When is qaf actually pronounced as a qaf?

18 February 2015
Talk In Arabic

For Modern Standard Arabic leaners, making the transition to colloquial Arabic can be difficult for more reasons than one.

The pronunciation of letters like ظ ث and ق frequently change to ‘z’ ‘s’ and ‘ah’ (hamza) sounds in spoken Egyptian Arabic, confusing non-native speakers who may no longer recognize words they dutifully memorized in class thanks to the altered pronunciation.

To make matters worse, there are always exceptions to the rule, and often times Arabic learners apply the letter changes where there are none, making themselves sound a bit too over-eager.

Here I’ve compiled a list of some common words in Egyptian Arabic that retain the ق to spare you the embarrassment of repeated overcorrections.

قصة = story
مقاومة = resistance
قرية = village
مثقف = cultured, educated (pronounced mosaqaf)
ثقافة = culture (pronounced saqafa)
اعتقد = I think
عبقري = genius
معقد = complicated
تعقيد = complex
قوي = strong (only when used in the context of describing someone as physically strong; not used for ‘very’ which is pronounced ‘awi’)
قرآن = The Qur’an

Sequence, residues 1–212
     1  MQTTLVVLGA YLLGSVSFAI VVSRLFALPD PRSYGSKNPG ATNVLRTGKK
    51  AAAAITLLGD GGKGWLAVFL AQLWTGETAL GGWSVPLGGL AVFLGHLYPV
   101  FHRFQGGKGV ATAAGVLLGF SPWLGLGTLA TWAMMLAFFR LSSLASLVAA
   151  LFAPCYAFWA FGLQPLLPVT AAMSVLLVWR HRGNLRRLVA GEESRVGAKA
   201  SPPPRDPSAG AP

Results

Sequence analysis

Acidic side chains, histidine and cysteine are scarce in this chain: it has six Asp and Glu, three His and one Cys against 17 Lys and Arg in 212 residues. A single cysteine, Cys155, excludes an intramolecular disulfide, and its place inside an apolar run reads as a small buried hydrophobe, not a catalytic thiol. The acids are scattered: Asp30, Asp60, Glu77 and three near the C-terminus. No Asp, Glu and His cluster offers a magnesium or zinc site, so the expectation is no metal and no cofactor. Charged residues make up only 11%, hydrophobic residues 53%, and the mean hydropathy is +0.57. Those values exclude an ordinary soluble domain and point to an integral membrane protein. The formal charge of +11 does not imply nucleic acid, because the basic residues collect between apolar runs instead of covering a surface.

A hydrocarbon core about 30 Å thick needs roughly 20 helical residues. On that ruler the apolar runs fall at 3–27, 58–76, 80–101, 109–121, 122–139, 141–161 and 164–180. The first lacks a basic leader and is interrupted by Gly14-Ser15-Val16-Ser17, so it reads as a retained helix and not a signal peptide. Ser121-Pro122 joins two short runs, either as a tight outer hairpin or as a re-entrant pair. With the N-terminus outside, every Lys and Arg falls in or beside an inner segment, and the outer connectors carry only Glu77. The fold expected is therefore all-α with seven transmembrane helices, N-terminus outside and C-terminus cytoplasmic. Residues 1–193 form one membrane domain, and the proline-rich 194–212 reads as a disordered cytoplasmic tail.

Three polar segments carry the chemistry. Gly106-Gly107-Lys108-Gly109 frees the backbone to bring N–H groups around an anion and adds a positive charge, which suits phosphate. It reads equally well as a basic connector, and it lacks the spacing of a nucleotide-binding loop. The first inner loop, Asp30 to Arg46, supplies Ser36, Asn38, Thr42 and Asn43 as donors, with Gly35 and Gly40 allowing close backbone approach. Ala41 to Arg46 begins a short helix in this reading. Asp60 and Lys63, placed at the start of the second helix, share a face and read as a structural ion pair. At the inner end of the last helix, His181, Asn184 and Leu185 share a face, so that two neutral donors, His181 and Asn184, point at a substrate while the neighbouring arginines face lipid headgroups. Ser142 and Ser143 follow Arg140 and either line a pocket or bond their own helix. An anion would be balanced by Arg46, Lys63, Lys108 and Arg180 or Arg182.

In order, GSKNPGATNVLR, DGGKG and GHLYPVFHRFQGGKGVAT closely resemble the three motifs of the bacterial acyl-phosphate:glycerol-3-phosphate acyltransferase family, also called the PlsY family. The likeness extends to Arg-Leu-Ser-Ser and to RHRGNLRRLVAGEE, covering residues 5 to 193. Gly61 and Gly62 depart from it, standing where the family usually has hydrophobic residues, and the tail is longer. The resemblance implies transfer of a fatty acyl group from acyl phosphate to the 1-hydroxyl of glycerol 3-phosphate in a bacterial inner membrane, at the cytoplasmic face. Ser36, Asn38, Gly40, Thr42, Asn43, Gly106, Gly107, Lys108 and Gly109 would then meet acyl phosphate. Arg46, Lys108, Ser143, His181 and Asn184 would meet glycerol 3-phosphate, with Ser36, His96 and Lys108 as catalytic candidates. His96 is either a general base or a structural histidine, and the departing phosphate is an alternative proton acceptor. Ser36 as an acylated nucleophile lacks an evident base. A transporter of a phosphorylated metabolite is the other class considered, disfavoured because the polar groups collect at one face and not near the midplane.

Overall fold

القاهرة = Cairo

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Written by Caitlyn (aka #TeamMaha).

  • Bernie

    The general rule is that classicisms (high-register “educated” words borrowed from MSA into colloquial Arabic) are pronounced exactly or approximately as they are in MSA, with factors such as the speaker’s education level as well as the register of the discourse influencing how closely approximated the pronunciation is to MSA. The letter ق in classicisms is pronounced either as voiceless velar stop /q/ (the same as the prescribed MSA pronunciation) or as a pharyngealized voiceless velar stop /kˤ/ (an approximation of the former), with the latter being particularly prevalant in Egypt and Lebanon but less so elsewhere. Sometimes the same word or root in MSA is the source of two distinct words or roots in colloquial, with one being a basilect word and the other a classicism. For example the word دقيقة “minute” (noun, a unit of time) is typically pronounced in Cairene Arabic as /daʔiːʔa/ with a glottal stop, but the closely related word دقيق “minute” (adjective, precise or exact) is typically realized as /daqiːq/ or /dakˤiːkˤ/, as the latter is a classicism but the former is not.

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